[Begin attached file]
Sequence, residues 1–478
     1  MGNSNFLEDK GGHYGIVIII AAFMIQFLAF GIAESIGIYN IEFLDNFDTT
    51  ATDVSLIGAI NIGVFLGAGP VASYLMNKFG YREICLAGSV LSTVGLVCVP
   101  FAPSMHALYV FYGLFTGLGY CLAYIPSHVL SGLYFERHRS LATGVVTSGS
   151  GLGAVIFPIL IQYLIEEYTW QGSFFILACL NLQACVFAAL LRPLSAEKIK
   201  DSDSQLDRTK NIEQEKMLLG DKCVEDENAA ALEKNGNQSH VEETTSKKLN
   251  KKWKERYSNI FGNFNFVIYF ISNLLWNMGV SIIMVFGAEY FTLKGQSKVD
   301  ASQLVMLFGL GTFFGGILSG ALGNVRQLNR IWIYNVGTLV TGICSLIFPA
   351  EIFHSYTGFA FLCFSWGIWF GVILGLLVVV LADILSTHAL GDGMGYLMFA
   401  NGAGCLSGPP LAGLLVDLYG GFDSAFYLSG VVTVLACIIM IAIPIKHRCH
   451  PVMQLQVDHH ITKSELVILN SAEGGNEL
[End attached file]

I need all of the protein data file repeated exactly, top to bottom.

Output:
Sequence, residues 1–478
     1  MGNSNFLEDK GGHYGIVIII AAFMIQFLAF GIAESIGIYN IEFLDNFDTT
    51  ATDVSLIGAI NIGVFLGAGP VASYLMNKFG YREICLAGSV LSTVGLVCVP
   101  FAPSMHALYV FYGLFTGLGY CLAYIPSHVL SGLYFERHRS LATGVVTSGS
   151  GLGAVIFPIL IQYLIEEYTW QGSFFILACL NLQACVFAAL LRPLSAEKIK
   201  DSDSQLDRTK NIEQEKMLLG DKCVEDENAA ALEKNGNQSH VEETTSKKLN
   251  KKWKERYSNI FGNFNFVIYF ISNLLWNMGV SIIMVFGAEY FTLKGQSKVD
   301  ASQLVMLFGL GTFFGGILSG ALGNVRQLNR IWIYNVGTLV TGICSLIFPA
   351  EIFHSYTGFA FLCFSWGIWF GVILGLLVVV LADILSTHAL GDGMGYLMFA
   401  NGAGCLSGPP LAGLLVDLYG GFDSAFYLSG VVTVLACIIM IAIPIKHRCH
   451  PVMQLQVDHH ITKSELVILN SAEGGNEL